As DHCP works primarily via network broadcasts, it will only work if both the client and the server is located on the same network segment. Unless you have a Relay Agent set up, that is.

A DHCP Relay Agent is a small server that resides on one of the hosts (or directly on the router) on the client's segment, listening for DHCP requests, and forwarding them transparently to the DHCP server on the other LAN.

Since the different LANs have their own series of IP addresses, the DHCP server needs to be set up with a separate scope for each LAN served.

I would point out that one should be careful about routers that are configured to propagate directed broadcasts; this can result in the DHCP server getting two DHCP requests.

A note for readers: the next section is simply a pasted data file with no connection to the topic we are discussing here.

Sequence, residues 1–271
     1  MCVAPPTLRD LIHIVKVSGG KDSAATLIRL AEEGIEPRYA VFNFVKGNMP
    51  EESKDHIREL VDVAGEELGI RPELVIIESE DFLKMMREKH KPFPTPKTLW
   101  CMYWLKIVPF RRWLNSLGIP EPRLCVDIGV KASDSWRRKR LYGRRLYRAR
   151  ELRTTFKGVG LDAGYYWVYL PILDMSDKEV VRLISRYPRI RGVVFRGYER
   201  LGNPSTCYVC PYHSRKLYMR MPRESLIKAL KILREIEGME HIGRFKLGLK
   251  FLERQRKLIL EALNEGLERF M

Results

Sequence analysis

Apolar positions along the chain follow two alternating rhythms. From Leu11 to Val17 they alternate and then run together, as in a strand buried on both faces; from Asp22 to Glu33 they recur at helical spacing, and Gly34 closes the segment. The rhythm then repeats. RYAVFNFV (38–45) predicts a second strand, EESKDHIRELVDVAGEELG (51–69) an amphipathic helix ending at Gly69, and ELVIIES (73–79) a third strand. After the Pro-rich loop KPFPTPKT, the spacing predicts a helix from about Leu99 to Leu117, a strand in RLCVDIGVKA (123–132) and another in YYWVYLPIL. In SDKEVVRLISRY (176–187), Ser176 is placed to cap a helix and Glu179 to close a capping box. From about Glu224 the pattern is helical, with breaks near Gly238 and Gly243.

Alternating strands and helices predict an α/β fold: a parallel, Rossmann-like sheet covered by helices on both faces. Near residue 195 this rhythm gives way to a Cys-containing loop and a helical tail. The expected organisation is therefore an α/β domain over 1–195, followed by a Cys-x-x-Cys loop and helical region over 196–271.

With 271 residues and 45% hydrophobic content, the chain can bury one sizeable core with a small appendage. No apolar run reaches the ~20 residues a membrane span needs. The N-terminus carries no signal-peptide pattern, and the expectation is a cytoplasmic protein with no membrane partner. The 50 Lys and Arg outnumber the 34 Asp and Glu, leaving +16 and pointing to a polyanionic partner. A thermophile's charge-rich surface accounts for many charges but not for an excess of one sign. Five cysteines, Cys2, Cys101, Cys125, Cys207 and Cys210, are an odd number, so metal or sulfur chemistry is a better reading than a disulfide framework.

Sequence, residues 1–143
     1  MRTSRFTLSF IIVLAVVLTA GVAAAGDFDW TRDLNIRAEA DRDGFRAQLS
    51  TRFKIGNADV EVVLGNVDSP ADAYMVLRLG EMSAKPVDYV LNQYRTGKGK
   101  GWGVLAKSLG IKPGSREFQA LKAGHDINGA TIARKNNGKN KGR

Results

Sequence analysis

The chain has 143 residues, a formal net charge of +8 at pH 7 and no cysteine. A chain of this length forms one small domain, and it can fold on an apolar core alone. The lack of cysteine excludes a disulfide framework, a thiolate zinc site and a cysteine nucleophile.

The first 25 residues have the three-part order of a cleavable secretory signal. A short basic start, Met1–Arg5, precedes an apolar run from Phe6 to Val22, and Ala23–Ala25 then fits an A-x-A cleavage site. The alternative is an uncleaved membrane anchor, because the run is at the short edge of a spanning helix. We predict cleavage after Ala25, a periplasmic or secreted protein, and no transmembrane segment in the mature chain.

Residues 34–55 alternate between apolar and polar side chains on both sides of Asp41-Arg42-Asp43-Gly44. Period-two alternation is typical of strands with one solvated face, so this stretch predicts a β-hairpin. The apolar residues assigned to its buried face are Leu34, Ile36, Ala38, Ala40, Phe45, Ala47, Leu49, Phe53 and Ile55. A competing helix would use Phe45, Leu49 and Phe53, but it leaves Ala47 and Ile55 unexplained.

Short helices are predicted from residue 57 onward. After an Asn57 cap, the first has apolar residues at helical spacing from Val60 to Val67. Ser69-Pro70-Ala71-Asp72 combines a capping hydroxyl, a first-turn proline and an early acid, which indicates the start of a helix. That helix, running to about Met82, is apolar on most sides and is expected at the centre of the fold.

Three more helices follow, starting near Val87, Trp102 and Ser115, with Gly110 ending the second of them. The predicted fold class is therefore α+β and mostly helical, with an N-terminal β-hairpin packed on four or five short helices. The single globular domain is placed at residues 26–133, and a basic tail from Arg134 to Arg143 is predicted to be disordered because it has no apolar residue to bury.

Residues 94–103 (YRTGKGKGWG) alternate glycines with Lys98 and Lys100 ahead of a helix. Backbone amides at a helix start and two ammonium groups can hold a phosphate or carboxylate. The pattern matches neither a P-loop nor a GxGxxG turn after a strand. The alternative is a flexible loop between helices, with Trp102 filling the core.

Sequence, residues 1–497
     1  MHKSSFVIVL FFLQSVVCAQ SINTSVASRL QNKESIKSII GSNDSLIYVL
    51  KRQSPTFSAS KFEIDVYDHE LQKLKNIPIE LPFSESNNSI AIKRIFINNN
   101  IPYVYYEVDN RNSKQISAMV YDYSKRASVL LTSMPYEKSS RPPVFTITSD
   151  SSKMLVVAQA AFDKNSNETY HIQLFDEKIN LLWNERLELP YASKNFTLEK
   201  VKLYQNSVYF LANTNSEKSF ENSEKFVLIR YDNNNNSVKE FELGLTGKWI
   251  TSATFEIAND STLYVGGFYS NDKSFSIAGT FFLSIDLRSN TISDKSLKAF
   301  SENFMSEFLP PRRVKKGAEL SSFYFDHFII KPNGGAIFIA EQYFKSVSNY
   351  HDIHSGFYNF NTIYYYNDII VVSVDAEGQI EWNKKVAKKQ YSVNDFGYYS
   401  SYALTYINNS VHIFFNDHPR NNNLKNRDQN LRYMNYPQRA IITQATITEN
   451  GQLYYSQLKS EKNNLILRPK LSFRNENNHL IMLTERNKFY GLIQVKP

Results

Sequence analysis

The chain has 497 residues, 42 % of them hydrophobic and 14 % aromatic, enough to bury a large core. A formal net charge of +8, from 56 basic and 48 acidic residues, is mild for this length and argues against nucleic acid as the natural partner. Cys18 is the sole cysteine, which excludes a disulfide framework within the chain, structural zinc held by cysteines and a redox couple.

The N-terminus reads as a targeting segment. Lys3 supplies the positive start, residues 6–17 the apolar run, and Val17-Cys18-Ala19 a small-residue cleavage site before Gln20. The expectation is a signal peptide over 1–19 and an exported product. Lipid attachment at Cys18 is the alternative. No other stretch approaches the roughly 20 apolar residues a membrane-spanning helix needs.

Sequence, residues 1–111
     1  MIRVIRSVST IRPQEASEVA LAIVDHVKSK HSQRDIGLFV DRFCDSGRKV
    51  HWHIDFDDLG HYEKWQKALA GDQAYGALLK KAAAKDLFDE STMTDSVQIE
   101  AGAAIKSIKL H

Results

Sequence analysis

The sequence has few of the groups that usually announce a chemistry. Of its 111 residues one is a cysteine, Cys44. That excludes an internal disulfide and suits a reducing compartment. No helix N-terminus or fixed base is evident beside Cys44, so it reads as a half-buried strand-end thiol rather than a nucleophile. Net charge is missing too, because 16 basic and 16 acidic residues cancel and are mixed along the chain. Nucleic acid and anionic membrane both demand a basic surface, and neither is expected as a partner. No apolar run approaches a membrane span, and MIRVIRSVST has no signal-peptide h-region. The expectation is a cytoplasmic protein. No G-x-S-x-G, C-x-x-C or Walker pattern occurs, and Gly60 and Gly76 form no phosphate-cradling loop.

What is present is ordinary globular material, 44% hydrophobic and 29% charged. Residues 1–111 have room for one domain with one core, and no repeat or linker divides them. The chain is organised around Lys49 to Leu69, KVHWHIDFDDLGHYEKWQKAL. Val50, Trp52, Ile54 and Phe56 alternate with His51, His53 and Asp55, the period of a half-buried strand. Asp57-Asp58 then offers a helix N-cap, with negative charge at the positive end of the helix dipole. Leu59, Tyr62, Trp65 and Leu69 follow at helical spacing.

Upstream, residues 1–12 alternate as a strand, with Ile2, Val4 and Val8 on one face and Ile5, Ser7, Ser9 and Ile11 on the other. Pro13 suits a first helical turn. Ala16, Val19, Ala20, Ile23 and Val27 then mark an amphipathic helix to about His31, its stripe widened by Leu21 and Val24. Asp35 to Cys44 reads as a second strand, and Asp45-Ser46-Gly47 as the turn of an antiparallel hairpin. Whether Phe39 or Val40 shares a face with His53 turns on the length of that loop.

This can cause the Wonderful and Famous problem where people's telnet sessions get dropped for no apparent reason. (Although the problem manifestation is in no way limited to telnet sessions getting boinked off.)

So whazzup with that? The user loses connectivity in this scenario when the client enters the DHCP RENEWING state, it contacts the DHCP server that issued its DHCP lease. Some DHCP servers (not all) will get very confused if they get a second request for the same IP number; and they will NACK one of the requests. This results in your client temporarily losing its lease, and getting it back pretty much immediately. However, when the stack loses its IP address, the telnet session gets reset.

Lovely, eh? Caveat implementor.

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